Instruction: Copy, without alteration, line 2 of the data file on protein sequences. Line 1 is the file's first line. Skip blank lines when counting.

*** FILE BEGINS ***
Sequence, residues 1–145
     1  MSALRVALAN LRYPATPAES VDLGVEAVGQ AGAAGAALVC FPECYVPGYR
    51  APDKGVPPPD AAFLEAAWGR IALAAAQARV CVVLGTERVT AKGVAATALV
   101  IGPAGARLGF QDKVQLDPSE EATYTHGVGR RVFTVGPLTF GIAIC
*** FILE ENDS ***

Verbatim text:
     1  MSALRVALAN LRYPATPAES VDLGVEAVGQ AGAAGAALVC FPECYVPGYR